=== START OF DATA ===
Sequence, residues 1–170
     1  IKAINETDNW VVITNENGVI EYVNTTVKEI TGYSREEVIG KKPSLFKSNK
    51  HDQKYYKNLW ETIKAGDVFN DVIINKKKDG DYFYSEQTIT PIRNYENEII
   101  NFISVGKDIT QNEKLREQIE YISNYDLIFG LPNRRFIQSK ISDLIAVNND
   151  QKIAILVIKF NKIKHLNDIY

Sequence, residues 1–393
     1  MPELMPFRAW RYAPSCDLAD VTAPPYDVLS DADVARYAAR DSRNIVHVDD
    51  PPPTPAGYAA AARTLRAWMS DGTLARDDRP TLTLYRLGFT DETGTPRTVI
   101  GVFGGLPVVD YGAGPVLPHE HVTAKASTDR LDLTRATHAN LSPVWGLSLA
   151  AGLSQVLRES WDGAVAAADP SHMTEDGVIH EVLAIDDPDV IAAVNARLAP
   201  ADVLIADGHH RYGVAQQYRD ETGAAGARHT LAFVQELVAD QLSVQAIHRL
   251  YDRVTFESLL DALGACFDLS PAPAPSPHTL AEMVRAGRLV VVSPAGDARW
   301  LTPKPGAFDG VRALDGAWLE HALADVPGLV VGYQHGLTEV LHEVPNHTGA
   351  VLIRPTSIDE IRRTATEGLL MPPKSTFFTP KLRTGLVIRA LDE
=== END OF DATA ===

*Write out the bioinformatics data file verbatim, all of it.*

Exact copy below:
Sequence, residues 1–170
     1  IKAINETDNW VVITNENGVI EYVNTTVKEI TGYSREEVIG KKPSLFKSNK
    51  HDQKYYKNLW ETIKAGDVFN DVIINKKKDG DYFYSEQTIT PIRNYENEII
   101  NFISVGKDIT QNEKLREQIE YISNYDLIFG LPNRRFIQSK ISDLIAVNND
   151  QKIAILVIKF NKIKHLNDIY

Sequence, residues 1–393
     1  MPELMPFRAW RYAPSCDLAD VTAPPYDVLS DADVARYAAR DSRNIVHVDD
    51  PPPTPAGYAA AARTLRAWMS DGTLARDDRP TLTLYRLGFT DETGTPRTVI
   101  GVFGGLPVVD YGAGPVLPHE HVTAKASTDR LDLTRATHAN LSPVWGLSLA
   151  AGLSQVLRES WDGAVAAADP SHMTEDGVIH EVLAIDDPDV IAAVNARLAP
   201  ADVLIADGHH RYGVAQQYRD ETGAAGARHT LAFVQELVAD QLSVQAIHRL
   251  YDRVTFESLL DALGACFDLS PAPAPSPHTL AEMVRAGRLV VVSPAGDARW
   301  LTPKPGAFDG VRALDGAWLE HALADVPGLV VGYQHGLTEV LHEVPNHTGA
   351  VLIRPTSIDE IRRTATEGLL MPPKSTFFTP KLRTGLVIRA LDE